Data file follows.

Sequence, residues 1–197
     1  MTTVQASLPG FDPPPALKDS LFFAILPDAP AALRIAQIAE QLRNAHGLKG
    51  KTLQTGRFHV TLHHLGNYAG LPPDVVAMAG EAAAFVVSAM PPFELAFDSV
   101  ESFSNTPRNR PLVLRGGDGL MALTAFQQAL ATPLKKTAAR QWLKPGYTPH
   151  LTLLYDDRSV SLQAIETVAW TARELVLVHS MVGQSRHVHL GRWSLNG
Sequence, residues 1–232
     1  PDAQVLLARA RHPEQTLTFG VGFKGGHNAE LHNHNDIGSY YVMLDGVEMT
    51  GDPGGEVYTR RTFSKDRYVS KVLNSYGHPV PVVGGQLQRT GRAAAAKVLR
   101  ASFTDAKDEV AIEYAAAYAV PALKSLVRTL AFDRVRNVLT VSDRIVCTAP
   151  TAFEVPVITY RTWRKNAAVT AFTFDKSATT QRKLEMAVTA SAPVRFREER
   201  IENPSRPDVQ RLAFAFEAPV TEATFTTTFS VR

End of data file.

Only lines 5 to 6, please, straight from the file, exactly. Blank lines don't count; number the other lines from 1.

   151  LTLLYDDRSV SLQAIETVAW TARELVLVHS MVGQSRHVHL GRWSLNG
Sequence, residues 1–232